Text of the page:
Dave reports that he had problems making the south-easterly transition from the Sequatchie to the Appalachians. The first portion of this extended valley was subject to downwash off the plateau that defines the east side of the Sequatchie followed immediately by the large drainage area of the Tennessee River just north of Chattanooga, waterlogged from the previous days rains. Stevenson had several low saves in the area, most notably 300 m (1000 feet) AGL near Cleveland. Conditions began to improve as he approached the higher and slightly drier terrain of the southern Appalachian region and he successfully transitioned from Tennessee into north east Georgia. By Chattsworth, he had reached 1500 m (5000 feet) and conditions for the rest of the run to the coast were looking favorable, both in lift and tailwind.
The rest of the run brought very good conditions with cloudbases up to 2100 m (7000 feet), not quite as exceptional as the weather during the Region 5 Nationals held at Perry International in South Carolina the previous week. Even though the wind was favorable it still wreaked havoc with the thermals and Dave experienced another of 430 m (1400 feet) AGL near Athens, Georgia. Back on course, he transitioned into South Carolina only to have his flight computer shut down due to a poor connection! Fortunately his logger continued to record the flight. From then on Dave used his back-up sectional charts to navigate. By mid-afternoon, Dave began to suspect that there was insufficient time left to make it to Charleston Executive Airport and break the 1000 km barrier, but an FAI 3-turnpoint record was still within reach. He progressed steadily towards the coast and, once over the small town of Hampton, South Carolina, made a safety decision to bleed off 900 m (3000 feet) of altitude and land instead of gambling on arriving at the next airport 32 km (20 miles) away without the aid of the final glide computer.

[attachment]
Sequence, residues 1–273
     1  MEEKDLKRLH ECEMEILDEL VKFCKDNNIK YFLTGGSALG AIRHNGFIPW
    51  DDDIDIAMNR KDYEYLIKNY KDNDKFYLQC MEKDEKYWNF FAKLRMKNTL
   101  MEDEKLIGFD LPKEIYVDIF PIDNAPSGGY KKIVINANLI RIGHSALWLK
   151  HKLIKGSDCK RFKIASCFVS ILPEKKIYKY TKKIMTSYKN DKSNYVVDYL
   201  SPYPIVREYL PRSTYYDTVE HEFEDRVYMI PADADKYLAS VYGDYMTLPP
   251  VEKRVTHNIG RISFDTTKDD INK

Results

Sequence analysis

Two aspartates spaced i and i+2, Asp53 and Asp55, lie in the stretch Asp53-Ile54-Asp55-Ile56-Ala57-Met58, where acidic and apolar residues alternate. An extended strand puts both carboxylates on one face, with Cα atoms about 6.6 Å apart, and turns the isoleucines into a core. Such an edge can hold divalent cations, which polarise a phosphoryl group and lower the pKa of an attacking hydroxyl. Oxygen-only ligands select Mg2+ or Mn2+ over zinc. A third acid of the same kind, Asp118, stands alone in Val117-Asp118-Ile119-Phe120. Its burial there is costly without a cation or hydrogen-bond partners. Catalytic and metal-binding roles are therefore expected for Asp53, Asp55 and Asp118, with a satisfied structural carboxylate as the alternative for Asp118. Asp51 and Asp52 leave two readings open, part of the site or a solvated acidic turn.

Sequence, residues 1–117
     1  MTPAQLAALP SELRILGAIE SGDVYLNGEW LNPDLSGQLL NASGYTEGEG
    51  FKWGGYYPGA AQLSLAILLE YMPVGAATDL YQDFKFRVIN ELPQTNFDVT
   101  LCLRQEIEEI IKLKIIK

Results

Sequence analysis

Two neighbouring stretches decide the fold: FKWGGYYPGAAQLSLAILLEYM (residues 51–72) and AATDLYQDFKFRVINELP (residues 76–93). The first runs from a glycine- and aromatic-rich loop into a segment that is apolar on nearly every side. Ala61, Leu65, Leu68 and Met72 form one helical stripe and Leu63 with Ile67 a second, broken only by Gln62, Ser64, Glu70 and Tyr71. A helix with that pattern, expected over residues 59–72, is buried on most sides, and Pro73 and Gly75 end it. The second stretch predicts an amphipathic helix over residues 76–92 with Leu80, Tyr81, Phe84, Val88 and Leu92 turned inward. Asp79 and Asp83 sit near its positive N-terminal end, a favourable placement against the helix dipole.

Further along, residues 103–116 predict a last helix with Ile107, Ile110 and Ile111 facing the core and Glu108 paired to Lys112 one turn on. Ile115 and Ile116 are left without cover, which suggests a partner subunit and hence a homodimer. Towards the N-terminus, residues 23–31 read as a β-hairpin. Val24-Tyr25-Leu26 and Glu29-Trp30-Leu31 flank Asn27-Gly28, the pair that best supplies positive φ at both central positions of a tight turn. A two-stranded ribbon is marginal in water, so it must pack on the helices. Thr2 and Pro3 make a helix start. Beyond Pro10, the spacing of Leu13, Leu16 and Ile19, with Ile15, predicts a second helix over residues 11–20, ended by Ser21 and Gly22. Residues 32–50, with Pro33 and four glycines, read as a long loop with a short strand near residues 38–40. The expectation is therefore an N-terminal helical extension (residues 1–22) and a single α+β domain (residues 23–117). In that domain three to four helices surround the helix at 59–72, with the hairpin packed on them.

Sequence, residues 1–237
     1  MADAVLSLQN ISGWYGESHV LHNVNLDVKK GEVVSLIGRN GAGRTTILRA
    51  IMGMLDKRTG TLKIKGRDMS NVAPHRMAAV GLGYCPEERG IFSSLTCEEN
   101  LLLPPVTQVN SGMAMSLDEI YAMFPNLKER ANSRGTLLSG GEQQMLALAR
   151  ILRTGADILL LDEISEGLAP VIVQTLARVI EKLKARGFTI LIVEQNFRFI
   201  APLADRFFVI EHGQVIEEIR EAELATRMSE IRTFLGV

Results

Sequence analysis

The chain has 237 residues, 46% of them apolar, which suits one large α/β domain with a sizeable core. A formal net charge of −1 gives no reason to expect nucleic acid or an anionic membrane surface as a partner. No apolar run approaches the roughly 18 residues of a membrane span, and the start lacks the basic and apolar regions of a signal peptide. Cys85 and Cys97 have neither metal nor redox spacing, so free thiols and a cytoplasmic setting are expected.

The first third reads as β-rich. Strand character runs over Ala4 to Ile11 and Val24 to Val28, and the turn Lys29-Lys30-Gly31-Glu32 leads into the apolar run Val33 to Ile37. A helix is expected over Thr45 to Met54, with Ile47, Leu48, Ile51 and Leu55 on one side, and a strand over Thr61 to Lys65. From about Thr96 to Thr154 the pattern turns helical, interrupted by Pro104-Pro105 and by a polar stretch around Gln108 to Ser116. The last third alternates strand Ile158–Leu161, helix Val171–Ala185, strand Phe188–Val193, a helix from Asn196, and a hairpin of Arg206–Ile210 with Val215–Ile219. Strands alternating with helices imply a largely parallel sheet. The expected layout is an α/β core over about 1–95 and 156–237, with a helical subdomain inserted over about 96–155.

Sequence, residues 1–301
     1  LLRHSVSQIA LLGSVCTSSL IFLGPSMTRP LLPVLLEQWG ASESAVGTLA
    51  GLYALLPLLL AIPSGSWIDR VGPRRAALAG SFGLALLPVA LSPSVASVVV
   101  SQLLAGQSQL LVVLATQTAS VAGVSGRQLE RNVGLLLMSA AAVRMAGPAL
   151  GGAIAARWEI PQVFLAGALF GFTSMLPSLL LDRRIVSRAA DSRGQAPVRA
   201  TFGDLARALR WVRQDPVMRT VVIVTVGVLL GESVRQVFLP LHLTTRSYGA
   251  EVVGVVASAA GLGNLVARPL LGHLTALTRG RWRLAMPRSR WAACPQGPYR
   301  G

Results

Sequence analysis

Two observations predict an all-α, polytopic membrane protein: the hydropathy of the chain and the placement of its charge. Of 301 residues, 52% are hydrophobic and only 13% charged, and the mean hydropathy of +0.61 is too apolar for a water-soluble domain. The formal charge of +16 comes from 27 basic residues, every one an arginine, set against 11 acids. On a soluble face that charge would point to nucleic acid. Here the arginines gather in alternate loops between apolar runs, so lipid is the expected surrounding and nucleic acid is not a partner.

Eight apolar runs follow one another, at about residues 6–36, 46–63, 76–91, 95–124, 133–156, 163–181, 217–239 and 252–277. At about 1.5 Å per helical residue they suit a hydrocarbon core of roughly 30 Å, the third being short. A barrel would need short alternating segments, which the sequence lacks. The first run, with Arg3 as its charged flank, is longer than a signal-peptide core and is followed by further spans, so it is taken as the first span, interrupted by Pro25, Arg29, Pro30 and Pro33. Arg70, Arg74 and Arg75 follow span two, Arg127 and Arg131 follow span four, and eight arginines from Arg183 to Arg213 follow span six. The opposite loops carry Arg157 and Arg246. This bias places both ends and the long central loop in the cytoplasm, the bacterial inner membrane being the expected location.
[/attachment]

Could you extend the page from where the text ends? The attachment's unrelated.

David landed at 6:40pm, almost exactly nine and one half hours after the start. After a few cellular calls to let family and friends know that he was safe, he managed to exit the airport property where he flagged down a local deputy sheriff in order to get an autograph for his record claim. Within short order several rather disbelieving law enforcement colleagues appeared down the county road too. Murray arrived later that evening and, after spending the night in Hampton, the two returned to the airport in the morning for an interview and photo shoot with a local newspaper reporter. They returned home safely on Monday evening.
Stevenson set a challenging goal of breaking the elusive 1000km declared distance in the FAI ultralight glider (DU) class by flying from the northwest corner of his home state of Georgia to the South Carolina coastline. His remarkable flight, although just shy of the declared goal, still qualifies for a declared 3-turnpoint world record application. He will thus be the first person to claim this new record type. Preliminary statistics are 563 miles (908 km) distance, 59 mph (95 km/h) average cross-country speed, 28% thermalling time with average 371 fpm (1.89 m/s) climb, 49.7 L/D, and 61 glides with 85 mph (137 km/h) average glide speed. There will likely be an altitude penalty due to the low elevation of the landing airport. This latest flight is reminiscent of a 1100 km distance flight that Stevenson accomplished in 1988 in his DG-400. That particular flight, in stronger conditions, took about 8.5 hours. Dave commented that had the same weather pattern developed this time, it would have permitted him to exceed 1000 km with the Silent 2. Stevenson intends to submit his latest flight to the NAA and FAI for record approval and to make additional DU distance flights in the future. Congratulations on your latest flight and best of luck with your next attempts Dave!
Posted: 6/1/2005 By: General News